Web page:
Cancer researcher Carlo Croce is suing the New York Times, following its March article that reported on research misconduct allegations he has faced, Retraction Watch reports.
Croce's work at Ohio State University has focused on the role of genetics and microRNAs in cancer and won numerous accolades, but the Times had noted that he had also been the subject of whistleblower accusations. It added that he'd been cleared by Ohio State in five cases, and that Croce had denied wrongdoing and had attributed some errors to "honest mistakes."
Now, Croce is suing the Times for defamation, according to Retraction Watch's Andrew Han. (Han is a former GW staffer.) In a civil suit filed in the spring, Croce and his attorneys argue that the article was "riddled with venomous and defamatory falsehoods" and that the suit seeks "to remedy those falsehoods, to prove the truth, and to restore Dr. Croce's good name."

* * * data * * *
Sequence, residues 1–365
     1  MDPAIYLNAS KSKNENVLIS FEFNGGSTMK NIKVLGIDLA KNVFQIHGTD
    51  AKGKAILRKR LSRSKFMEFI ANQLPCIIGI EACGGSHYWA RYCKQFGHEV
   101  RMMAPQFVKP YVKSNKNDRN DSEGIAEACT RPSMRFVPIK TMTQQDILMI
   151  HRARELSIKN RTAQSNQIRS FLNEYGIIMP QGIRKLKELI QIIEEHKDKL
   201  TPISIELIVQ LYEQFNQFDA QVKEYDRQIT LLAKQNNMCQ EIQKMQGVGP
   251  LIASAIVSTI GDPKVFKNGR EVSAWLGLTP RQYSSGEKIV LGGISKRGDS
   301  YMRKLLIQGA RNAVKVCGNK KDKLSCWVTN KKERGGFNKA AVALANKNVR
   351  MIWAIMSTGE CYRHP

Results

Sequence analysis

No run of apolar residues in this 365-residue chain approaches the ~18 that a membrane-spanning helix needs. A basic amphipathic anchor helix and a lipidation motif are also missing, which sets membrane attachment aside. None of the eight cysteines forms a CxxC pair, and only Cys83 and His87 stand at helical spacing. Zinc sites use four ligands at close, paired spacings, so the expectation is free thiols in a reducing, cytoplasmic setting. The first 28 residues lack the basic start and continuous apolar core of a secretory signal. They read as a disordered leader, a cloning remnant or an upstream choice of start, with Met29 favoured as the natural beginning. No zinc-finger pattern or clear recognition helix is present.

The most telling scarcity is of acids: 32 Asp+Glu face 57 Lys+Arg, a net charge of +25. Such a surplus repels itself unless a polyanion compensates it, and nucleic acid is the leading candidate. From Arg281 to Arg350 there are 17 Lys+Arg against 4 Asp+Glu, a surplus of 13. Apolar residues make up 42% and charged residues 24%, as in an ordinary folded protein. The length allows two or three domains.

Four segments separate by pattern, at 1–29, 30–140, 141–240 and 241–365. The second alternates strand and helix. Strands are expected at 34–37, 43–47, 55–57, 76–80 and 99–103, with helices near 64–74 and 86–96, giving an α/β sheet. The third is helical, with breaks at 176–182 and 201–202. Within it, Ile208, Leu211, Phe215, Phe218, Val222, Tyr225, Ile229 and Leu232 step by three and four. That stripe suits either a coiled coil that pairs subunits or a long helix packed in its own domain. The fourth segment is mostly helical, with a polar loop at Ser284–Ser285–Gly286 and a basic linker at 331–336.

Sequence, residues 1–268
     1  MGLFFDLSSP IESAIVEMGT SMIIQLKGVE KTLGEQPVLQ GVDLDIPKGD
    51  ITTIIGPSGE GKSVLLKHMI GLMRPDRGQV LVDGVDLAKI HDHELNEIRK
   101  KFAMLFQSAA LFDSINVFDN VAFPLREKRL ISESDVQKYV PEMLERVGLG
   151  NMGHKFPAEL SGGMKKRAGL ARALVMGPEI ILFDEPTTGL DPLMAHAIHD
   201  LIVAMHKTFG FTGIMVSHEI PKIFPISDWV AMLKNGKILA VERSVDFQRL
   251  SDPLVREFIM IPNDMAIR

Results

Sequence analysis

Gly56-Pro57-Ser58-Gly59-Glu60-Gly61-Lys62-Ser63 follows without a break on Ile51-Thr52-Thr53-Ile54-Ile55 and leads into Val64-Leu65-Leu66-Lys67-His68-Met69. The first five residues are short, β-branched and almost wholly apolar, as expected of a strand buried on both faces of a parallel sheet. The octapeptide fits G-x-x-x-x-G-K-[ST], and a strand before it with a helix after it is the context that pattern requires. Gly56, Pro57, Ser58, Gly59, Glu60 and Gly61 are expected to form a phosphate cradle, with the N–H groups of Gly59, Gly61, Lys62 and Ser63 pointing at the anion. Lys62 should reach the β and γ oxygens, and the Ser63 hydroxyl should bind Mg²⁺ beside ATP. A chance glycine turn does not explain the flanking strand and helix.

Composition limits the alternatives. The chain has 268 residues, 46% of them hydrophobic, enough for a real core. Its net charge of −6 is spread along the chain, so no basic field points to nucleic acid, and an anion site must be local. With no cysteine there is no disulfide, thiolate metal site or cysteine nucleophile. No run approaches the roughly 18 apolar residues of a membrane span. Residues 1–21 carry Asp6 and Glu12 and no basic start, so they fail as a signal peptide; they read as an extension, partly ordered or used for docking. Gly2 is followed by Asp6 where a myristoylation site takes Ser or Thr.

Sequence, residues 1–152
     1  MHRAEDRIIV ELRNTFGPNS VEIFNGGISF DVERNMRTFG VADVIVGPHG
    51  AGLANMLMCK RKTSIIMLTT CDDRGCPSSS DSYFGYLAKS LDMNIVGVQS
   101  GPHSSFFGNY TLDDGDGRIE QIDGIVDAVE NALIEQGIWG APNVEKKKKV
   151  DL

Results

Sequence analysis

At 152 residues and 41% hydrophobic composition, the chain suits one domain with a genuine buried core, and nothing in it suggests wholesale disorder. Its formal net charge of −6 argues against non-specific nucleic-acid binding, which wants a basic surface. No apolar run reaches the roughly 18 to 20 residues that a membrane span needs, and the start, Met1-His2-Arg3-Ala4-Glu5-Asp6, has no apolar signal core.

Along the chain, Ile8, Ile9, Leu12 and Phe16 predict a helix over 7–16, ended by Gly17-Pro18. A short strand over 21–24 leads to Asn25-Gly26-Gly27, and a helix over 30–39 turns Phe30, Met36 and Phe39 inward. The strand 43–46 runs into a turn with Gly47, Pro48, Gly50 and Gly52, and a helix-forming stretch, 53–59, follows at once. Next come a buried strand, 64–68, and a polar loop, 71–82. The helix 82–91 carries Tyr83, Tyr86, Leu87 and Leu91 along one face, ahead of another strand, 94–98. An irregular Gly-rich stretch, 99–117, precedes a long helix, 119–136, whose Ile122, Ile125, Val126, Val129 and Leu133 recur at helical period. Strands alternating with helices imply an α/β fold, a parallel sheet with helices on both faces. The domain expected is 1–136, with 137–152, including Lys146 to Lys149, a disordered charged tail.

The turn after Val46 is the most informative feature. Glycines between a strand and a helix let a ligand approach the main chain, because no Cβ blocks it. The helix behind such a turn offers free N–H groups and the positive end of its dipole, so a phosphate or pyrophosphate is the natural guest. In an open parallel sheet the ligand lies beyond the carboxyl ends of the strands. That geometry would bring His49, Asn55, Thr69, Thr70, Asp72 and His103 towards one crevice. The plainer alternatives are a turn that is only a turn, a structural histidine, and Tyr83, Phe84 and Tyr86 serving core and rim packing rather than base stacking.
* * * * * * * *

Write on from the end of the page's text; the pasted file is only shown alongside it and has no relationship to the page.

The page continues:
Han adds that the suit also takes issue with how the Times counted the number of papers of Croce's that have been retracted — the Times placed it at least 20. But the lawsuit says that that number includes papers on which Croce was a middle author and didn't supervise the work and thus aren't his papers.
The Times filed a motion to dismiss this summer, Han notes.